It’s been a while since I did one of these, but I’ve created another small collection of my favorite #vss365 stories from Twitter, which I hope you’ll enjoy. These were originally written in April and May of 2019.
In other news, I’ve been spending long hours on a final revision of my upcoming fantasy adventure novel, in an Old West-inspired setting. The characters demanded stronger voices, more excitement, and less exposition (they’re surprisingly opinionated about exposition). Who am I to argue?
Lastly, a collection of all my short stories from the Story-A-Day May challenge is on sale for FREE this month on Smashwords. Also on Amazon and other platforms, for 99 cents.
Now, to the stories!
A susurrus roused the librarian from his desk. He prowled the stacks, but the noise was always an aisle ahead.
Determined to mete out a good shushing, he ignored the carpet turning to leaves, and shelves to trees, though he did wag his finger at some singing birds.
Lightning struck the crude altar, surrounded by goat’s blood and sacrificial offerings. A mechanical intake drew a rattling breath, hesitant at first, then roaring.
He wasn’t the most orthodox vacuum cleaner repairman, but he was the most enthusiastic.
Her jaw dropped as she entered the ballroom. From peasant to royal party-goer, it was surreal.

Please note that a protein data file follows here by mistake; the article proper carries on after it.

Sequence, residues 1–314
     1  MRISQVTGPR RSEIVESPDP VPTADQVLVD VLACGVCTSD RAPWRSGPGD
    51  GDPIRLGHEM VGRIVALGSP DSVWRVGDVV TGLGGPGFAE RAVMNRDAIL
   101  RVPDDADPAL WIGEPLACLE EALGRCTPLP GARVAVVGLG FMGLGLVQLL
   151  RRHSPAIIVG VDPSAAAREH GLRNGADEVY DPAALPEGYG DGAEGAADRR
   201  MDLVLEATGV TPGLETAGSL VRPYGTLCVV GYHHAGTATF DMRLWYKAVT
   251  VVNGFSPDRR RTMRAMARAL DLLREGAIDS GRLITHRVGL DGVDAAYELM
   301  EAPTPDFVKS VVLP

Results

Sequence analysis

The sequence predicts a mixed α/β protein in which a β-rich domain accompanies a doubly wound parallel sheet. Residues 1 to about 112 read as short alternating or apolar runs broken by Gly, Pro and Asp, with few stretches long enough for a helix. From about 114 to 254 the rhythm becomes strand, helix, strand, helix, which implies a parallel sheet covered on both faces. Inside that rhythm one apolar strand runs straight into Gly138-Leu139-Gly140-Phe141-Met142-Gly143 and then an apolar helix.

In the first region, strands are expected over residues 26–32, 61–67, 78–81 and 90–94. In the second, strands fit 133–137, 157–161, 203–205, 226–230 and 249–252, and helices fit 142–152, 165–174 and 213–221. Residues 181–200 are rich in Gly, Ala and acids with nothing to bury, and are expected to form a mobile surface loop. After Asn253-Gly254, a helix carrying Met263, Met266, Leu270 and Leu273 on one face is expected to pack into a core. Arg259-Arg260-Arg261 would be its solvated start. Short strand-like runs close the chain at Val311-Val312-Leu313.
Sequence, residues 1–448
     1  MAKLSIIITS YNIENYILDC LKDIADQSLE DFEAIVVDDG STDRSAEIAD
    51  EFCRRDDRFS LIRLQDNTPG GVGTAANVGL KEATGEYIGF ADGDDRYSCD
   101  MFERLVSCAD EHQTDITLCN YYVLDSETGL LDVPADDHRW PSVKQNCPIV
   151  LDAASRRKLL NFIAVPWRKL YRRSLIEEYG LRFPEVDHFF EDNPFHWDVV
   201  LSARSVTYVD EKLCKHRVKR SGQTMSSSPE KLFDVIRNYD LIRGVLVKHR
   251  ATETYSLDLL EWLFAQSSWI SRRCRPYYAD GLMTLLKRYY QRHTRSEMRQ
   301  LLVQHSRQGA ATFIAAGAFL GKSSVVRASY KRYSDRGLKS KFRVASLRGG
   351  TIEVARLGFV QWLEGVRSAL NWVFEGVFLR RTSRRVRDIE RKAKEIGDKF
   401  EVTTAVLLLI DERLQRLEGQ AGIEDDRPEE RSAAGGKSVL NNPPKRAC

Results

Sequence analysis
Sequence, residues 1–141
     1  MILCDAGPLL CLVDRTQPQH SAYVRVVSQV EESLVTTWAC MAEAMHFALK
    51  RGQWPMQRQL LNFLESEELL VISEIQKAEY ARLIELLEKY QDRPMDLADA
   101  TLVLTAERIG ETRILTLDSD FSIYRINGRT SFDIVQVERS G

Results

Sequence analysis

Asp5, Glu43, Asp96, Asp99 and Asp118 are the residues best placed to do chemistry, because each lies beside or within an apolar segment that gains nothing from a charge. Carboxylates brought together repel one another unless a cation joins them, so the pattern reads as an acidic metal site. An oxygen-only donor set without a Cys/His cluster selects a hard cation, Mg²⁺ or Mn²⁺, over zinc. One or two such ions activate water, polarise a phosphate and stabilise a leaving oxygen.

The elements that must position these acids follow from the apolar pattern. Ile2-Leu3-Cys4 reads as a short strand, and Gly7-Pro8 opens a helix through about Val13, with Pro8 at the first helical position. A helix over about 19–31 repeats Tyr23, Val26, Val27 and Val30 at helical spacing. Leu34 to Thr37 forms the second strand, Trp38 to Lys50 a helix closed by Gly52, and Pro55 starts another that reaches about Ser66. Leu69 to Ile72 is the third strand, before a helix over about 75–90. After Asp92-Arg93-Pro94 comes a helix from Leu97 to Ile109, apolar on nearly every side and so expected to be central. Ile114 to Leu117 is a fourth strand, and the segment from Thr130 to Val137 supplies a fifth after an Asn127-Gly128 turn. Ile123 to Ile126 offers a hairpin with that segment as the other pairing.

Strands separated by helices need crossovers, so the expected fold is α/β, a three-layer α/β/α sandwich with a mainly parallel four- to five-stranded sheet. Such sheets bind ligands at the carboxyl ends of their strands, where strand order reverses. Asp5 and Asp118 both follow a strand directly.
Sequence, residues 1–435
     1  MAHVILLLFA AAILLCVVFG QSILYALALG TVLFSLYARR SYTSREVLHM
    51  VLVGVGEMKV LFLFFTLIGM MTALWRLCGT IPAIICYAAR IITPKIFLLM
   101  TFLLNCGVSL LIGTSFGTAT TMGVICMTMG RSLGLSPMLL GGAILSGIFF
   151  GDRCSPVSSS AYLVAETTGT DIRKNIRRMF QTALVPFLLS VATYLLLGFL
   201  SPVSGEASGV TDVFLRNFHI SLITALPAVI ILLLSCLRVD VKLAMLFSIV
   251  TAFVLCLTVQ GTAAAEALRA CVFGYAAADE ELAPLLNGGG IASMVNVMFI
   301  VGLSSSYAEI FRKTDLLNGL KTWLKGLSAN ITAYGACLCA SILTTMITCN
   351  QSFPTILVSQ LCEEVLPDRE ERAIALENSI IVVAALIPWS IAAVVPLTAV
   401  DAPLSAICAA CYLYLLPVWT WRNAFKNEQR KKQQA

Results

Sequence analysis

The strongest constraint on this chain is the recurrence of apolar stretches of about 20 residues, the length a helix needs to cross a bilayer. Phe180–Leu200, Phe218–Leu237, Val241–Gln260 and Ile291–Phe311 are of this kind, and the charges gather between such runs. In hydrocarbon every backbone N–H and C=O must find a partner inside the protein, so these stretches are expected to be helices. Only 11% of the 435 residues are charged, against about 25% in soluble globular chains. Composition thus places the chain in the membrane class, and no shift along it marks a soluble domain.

Dance partners twirled, heads buried in necks. Her glass slippers squelched over the floor, her fancy gown stained red.
How wonderful! She’d never dreamed of so much blood.
The heir toured the decrepit public housing with a sickened expression. “This theft makes me want to vomit.”
His assistant smiled at his unexpected empathy. “Yes, we’ve stolen their labor, their futures-“
“And my time. Why am I doing this if no one’s taking pictures?”
The Machine delights in torturing us, humanity’s sole survivors.
I’m transported to an idyllic mountainside, clad in lederhosen. Lush grass and flowers abound. Has It learned mercy?
My mouth opens. No, it can’t be… it’s too cruel.
I have no voice, and I must yodel.
Tess chucked a brick through the window of the vacant house and crawled inside. Standing, her blood ran cold.
A family sat around the table where her brick had landed. They were carving it as easily as bread.
“Any who bring a dish are welcome at the potluck. Join us.”
“Paper or plastic?” The cashier had an unnatural cadence, like he was reading lines.
Leaving the store, a woman ran into Lou, spilling his milk. Too perfectly comical.
Feeling watched outside, he yelled, “I don’t care if my life’s a TV show, I just want the script!”
Thanks for reading! I’ll be back again next week with more stories.